Home-Gym Equipment Round-Up: Fitness at Your Fingertips
These new products will help you build endurance, strength and overall fitness without ever leaving home.
The fitness equipment industry is not slowing down anytime soon. According to the latest research from the National Sporting Goods Association (NSGA), retail sales of sporting goods—clothing, footwear and equipment—reached $52.1 billion in 2006. (Yes, that says billion.)
So what does this mean to you? It means fitness equipment companies are responding to the demand for gear by enhancing, improving and adding technology to their products. To keep up with this fast-paced industry, we're highlighting some of the latest offerings you might want to consider for getting fit at home.
(Prices and availability may vary.)
Life Fitness X7 Electronic Adjustable Stride Cross-Trainer
This total-body workout machine offers more workouts, electronic stride adjustments and lower-impact ellipse motion than its other models. Rob Villavicencio, store manager and fitness consultant for Life Fitness products at OmniFitness, in Greenwich, Conn., says you can adjust your stride length electronically in one-inch increments to work different muscle groups and change the pace of the workout. He says that shorter stride lengths allow you to work the quads more and go at a “walking” pace, while a longer stride works glutes and allows you to reach a “running” speed. Villavicencio says, “Elliptical cross-trainers are great for people with knee injuries and back problems. Your body won’t be taking the pounding that you’d get on a treadmill. You’re getting a weight-bearing exercise because you’re standing upright, but you’re not punishing your body the same way you would with a treadmill.” The X7 is available with two different consoles: the basic version includes five classic programs and the advanced version is loaded with 10 workout programs, three goal-oriented programs and two customizable programs. It can hold users weighing up to 400 pounds. $3,899 (basic workouts console) and $4,199 (advanced workouts console); Available at us.home.lifefitness.com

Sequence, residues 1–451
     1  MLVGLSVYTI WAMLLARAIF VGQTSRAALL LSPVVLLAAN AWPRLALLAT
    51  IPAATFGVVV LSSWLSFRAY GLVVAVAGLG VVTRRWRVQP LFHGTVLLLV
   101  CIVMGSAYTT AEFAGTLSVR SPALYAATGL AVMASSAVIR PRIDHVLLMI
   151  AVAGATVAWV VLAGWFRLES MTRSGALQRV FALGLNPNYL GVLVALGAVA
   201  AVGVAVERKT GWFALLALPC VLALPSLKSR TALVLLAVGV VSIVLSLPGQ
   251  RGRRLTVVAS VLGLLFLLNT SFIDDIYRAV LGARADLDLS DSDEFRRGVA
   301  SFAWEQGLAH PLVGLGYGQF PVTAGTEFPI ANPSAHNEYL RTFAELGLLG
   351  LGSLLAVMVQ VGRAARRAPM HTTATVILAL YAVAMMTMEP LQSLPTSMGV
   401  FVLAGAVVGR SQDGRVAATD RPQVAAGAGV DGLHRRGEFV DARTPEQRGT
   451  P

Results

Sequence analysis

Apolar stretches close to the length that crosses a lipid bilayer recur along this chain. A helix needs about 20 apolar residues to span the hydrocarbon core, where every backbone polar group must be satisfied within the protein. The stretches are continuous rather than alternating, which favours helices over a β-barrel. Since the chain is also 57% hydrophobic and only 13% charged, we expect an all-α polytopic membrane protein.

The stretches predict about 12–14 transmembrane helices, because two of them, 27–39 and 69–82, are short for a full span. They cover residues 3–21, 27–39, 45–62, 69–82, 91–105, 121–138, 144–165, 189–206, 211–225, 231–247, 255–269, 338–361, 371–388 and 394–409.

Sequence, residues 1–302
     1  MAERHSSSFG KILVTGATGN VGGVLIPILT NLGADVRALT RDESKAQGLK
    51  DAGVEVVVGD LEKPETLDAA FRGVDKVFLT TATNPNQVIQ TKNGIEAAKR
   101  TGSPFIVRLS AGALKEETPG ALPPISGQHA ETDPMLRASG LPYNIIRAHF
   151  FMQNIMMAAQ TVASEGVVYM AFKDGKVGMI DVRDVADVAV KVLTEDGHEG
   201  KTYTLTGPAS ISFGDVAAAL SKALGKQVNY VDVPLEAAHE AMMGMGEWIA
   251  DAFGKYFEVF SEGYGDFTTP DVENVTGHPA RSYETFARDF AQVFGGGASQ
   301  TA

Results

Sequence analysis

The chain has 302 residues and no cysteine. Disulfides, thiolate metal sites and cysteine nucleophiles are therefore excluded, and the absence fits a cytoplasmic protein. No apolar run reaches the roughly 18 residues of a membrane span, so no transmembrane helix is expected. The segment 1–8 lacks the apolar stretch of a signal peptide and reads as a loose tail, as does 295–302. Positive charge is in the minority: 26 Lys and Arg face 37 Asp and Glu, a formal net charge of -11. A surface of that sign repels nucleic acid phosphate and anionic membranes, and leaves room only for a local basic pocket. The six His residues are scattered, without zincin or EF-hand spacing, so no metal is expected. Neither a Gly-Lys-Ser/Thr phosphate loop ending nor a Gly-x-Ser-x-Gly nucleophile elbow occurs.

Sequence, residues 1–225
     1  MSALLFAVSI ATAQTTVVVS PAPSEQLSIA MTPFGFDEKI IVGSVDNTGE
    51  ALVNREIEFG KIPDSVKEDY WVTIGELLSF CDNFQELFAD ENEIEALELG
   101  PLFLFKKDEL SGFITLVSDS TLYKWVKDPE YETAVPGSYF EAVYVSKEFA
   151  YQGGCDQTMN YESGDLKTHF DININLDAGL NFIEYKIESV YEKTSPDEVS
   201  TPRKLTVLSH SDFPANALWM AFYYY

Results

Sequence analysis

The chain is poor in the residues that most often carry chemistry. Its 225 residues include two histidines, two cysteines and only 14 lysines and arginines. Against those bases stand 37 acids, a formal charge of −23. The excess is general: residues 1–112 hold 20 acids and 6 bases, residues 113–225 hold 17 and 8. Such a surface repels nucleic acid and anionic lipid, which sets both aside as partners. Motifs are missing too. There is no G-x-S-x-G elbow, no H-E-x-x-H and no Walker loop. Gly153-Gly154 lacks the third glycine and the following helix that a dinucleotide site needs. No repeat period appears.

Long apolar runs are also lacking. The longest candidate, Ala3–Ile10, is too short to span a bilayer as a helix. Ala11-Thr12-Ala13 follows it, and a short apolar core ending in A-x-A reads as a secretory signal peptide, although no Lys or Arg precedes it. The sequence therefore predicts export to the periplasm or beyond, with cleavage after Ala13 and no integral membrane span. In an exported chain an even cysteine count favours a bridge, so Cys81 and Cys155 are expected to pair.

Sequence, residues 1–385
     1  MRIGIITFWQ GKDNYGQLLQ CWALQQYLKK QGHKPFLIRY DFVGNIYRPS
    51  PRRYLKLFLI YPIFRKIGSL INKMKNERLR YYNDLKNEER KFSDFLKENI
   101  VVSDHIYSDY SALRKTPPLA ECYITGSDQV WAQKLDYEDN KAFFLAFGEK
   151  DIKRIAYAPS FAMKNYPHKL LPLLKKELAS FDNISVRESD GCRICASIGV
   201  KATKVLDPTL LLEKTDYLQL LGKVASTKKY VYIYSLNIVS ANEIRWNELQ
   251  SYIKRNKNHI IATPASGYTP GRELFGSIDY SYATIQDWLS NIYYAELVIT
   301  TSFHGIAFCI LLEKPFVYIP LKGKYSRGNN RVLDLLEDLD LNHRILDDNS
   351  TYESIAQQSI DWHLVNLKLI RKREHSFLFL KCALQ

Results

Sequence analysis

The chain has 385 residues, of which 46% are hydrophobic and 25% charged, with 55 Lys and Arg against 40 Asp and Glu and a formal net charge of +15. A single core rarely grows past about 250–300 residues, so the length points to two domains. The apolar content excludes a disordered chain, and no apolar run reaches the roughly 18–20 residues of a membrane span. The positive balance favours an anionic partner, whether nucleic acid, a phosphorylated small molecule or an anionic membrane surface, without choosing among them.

Bowflex Revolution XP
This versatile strength machine provides more than 90 exercises and a new space-saving design—it can fit in a 4- by 5-foot space or corner. Its SpiralFlex® resistance technology and Freedom Arms® mimic the feel of free weights to sculpt and tone muscles. The leg attachment allows users to perform a seated leg extension or standing leg curls. The unit has up to 200 pounds of resistance for upper, lower and core body workouts and comes with an instructional video that walks you through each exercise. Optional attachments include a lat tower for more arm and shoulder workouts; an ab back pad that provides increased range of motion for additional core and back muscle training; or an extra 80 pounds of resistance.$2,299 to $2,677 (with add-ons); Available at bowflexrevolution.com/bowflex_revolution.jsp
Bell Express 15 Fitness Kits
If you could get a complete cardio and strength training workout with the help of a professional athlete, a personal trainer, fitness equipment, a pedometer and a DVD—in only 15 minutes—would you be interested? We thought so. Pro beach volleyball player Gabrielle Reece teamed up with certified personal trainer Mike Monroe and Bell Sports to address American's excuses that they don't have the time to exercise. The Bell Express 15 Kits are designed to get people started on a fitness program for less than $30 each. Available kits: Strength, Cardio, Fit and Slim (pictured), Core Training and 30-Day Challenge. Some kits include equipment like body balls, dumbbells, resistance bands and wobble boards. $29.99; Available at gotogabby.com and Target stores nationwide
Body Rev Perfect Pushup
You've probably seen the commercials by now. A ripped guy or girl doing push-ups while gripping two swiveling handles on the ground. At first, it might reek of "As Seen on TV" farce. Well, our Men's editor, Jason Carpenter, tried this workout and the next day was sore all over (in a good way).
"At first glance, it may look like an unnecessary variation on regular push-ups, but you will feel the difference immediately," says Carpenter. "Letting your arms rotate naturally engages more muscles in your chest, shoulders, abs and back. Also, since your hands are elevated, you bring your body lower with each down motion and have to work harder to bring yourself back up again." The package includes an instructional workout chart that demonstrates proper technique to accelerate muscle building, as well as a workout calendar.$39.95; Available at store.perfectpushup.com